Sunday, June 24, 2007

Denver Diary

It's been a month and ten days since I set foot in Denver. It's definitely been an interesting experience. I must say life when you're working full time, is very different.

The company I work for has five employees, including myself. We're all Indian, and that has meant that I've had very few conversations with Americans. My little rendezvous (I just learnt the word has its plural spelled the same way, but pronounced differently, interesting.) with people behind the counters at shops, has left me, undeservedly so for Denverites, with mixed feelings about their friendliness. Sometimes they were rude, sometimes they were very friendly. Undeservedly, because I guess people behind the counters can't be real people: at Starbucks they'll always be warm because I hear they can lose their jobs if they aren't (but I wouldn't discount that it's difficult being so).

On my street for over a mile, there're many automobile related shops: car parts, car washes and the like, but no supermarkets, which is wonderful considering that I can't drive, and don't have a car. There's a grocery shop opposite my apartment run by a family from Pakistan , where I get some things, but not all (another reduced opportunity to talk with an American, but the family is friendly and helpful).

It's a little strange to be living in the United States, and interacting only with Indians for the most part. Not that that's bad, but I think part of the interesting thing about being in another country is to interact and make friends with the people there. So my interactions, being in the workplace, concern javascript, html and the like. Some other interactions happen on the way to work and back home also with people from the office. The company is only a ten minute walk away, so these conversations are short, but thankfully about other things, and I must admit I do look forward to these conversations.

I had a roommate, for the first 30 days or so before he left to India, and during that time, I would have some conversation with him. He always took about two minutes to respond to what I said, so my patience meant that the conversation was mostly short. But these conversations were a respite, allowing me to vent any apprehensions and fears about my new workplace as he seemed to listen, and then there were Telugu movies and cooking for the day (we took turns) to talk about. Now I am all by myself in a two bedroom apartment, and need to move to another place in the middle of next month, when the lease expires.

It's my theory that people need to talk about things that make them happy, not just do them, to be happy. So my experience watching a movie, walking a street in a new city or eating at a good restaurant, are seldom complete until I tell people about them, and have them tell me back what a wonderful time I was having! I don't know if that's true for most people. It might be something worth investigating and might hold the answer to what motivates people to write blogs, share photos, set status messages and the like. So my theory leaves me looking for places to start conversations, and that's how I've been spending most of my time in the evenings: chatting online and ocassionally on the phone. Once or twice a week I get a movie from Netflix, having taken the one-DVD-at-a-time subscription. And last week when I received a damaged DVD, for lack of anything else to do, I fell prey to Youtube. For almost a week, I've been watching bits and pieces of David Letterman's and Ellen Degeneres' chat shows all evening. It's left me feeling a little shallow at the end of the week, and I should be changing course. Not that they're not entertaining, but I guess I was taking in too much at a time.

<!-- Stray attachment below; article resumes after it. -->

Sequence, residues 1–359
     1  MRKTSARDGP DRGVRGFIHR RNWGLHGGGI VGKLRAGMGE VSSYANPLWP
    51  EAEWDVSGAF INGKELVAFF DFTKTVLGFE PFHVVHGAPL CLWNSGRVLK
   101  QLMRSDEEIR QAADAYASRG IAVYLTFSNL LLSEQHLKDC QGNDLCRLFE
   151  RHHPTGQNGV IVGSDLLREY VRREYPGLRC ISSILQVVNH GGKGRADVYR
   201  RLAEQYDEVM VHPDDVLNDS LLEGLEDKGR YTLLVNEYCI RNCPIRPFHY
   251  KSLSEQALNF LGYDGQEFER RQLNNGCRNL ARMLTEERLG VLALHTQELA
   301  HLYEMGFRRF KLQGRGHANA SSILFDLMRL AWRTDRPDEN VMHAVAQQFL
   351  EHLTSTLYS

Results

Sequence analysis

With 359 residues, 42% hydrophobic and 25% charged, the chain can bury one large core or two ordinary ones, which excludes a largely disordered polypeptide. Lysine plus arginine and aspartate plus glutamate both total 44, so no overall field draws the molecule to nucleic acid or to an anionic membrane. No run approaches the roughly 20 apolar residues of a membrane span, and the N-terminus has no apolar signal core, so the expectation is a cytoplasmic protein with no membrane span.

So that's how I live. At the workplace from 9.30-6.30, and then at home spending time as mentioned. I must say it can be very lonely if not for the chats online and on the phone. Weekends add colour to the week, as I get to do something else, thus get something to talk about, and then get to have to find somebody to tell it to. Thanks for reading and being that somebody.


dproyer said...

Ah, don't worry about not talking to more Americans, they are not that interesting anyway ;)

I have a friend in Denver named Kris. I can send you each others emails and perhaps you can meet up with him. He is also in to cinema, music, ect.

mythalez said...

well .. i can empathise with some of this .. :)
btw .. i downloaded the french movie u described below .. havin recently been to paris .. i thought it was imperative that i watch it .. ll do so soon :D

yogen said...

Dil Pe Mat Le Yaar
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Aravind Krishna K said...

hmm... dont worry! I bought a mobile just for giving u remote company & will save ur from boredom :p

& regarding the theory, .. may be its time for u to get married :P.. to share all your experiences to the finest possible extent.. hehe..

till then... vomit them all to me.. I am facing the same pblem as u here.. not much other life & no real good frends like u to share the experiences with..

Su said...

u need to spend more time with, digg, stumble and better still get a playstation ;)

Balakrishna Chennupati said...

@ dproyer
That serves as an explanation for why you chose to go to India this Summer :p.

@ mythalez
Did you watch the film yet ?

@ aravind
so you've been thinking about marriage :) ?

@ su
yeah, wonder how people survived without the internet not so long ago :).